Book Review: Thumbs, Toes, and Tears by Chip Walter

Thumbs, Toes, and Tears: And Other Traits That Make Us Human by Chip Walter is an evolutionary story about what sets human beings apart from other animals. Walter specifically identifies six traits of humans that can be found in no other species: Big toes, opposable thumbs, the pharynx, laughter, tears, and kissing.

The big toe is important in that helped humans walk upright which in turn modified our anatomy leading to larger brains and skulls. At the same time the body adapting to walking and running means the birth canal is too small to allow easy egress of our big heads. So human infants are born far earlier in their development than other mammals and that is why humans are so helpless in their early years. In fact the long period of ongoing learning and development is uniquely human.

The opposable thumb is well-respected as the difference between humans and other animals, allowing us to create and manipulate tools. Our hands are also central to our ability to communicate and the genesis of language.

The pharynx is most fascinating in that it physically allows us to speak. I never knew that it does this by intersecting the airways and the esophagus, which does not happen in oher mammals. The price to pay for being the animal that speaks is that we are also the animal that can choke. Being able to speak gives rise to consciousness and the prefontal cortex of the brain.

Laughter allows us to connect emotionally to others and is rooted both in our primal urges and our ability to walk upright.

Crying is the most mysterious as humans are the only beings that have tears that well up and drip out of the eyes as a means of expressing emotion (as opposed to merely keeping the eyes clean). One theory is that crying actually brings us back into a state of equilibrium. Crying is also a means of body language to communicate emotions to other humans.

Finally, kissing is a learned cultural trait that allows us to communicate our love and affections in a way that feels really good.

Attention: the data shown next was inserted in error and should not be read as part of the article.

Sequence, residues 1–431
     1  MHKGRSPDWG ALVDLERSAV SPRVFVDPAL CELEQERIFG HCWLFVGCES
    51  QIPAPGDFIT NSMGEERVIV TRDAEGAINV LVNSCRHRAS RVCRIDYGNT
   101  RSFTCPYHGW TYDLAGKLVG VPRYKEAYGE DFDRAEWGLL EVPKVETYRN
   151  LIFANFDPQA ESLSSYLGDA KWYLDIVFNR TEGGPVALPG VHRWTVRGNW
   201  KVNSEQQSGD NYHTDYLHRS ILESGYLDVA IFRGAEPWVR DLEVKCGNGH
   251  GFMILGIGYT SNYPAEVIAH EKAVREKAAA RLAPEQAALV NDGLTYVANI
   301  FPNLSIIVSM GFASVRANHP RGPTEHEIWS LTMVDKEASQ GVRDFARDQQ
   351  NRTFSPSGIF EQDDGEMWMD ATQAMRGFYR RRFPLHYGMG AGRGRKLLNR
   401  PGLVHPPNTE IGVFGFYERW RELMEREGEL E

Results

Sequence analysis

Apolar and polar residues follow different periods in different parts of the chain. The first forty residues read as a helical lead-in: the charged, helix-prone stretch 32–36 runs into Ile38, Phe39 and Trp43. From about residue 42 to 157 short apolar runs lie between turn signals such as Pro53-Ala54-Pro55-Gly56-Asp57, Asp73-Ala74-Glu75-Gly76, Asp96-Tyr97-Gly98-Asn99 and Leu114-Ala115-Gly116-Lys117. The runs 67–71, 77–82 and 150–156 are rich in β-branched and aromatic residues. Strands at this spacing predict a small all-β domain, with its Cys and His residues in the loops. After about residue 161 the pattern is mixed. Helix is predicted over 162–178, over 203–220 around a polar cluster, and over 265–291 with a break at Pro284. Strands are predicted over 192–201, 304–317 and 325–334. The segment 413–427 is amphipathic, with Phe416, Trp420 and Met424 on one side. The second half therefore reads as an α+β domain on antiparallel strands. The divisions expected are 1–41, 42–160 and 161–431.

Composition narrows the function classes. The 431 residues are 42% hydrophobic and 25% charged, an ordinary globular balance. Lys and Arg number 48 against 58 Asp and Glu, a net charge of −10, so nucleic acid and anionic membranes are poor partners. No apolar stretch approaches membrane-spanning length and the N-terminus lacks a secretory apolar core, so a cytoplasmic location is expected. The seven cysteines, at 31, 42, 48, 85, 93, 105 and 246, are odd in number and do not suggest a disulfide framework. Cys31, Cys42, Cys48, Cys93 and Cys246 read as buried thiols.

Walter writes all of this in a lively style that makes it a fun and engrossing read. In many ways it is a gentler version of Desmond Morris’ The Naked Ape which Walter cites several times. It’s a work of popular science, and it hems & haws with a number of “probablys” and “we don’t know for sures”, but I think it teaches an illuminating lesson in human evolution and unique traits.

Interesting Quotes:

If we were born as fully formed and physically mature as the babies of contemporary great apes, human gestation would last not nine months, but twenty-one! This means we are born a fully year premature. We may define “full term” as nine months in the womb, but by ape standards we are fetuses that have arrived twelve months earlier than we should have. – p.34-35

We tend to think that the forces of evolution are terrifically at rooting out all wastefulness to make the brain thoroughly optimized for smooth, clean operation. But the truth is that evolution feels it way toward success, tinkering and puttering until it stumbles across marvelously inventive solutions to the problems that need for survival presents, and then shambles on. Our brain, amazing as it is, is not an efficient machine, but a maddeningly complicated organ that stubbornly resists analysis. – p. 107

Quite possibly we cry not because we are getting agitated and upset, but because it is a way for our nervous system to bring us back into equilibrium.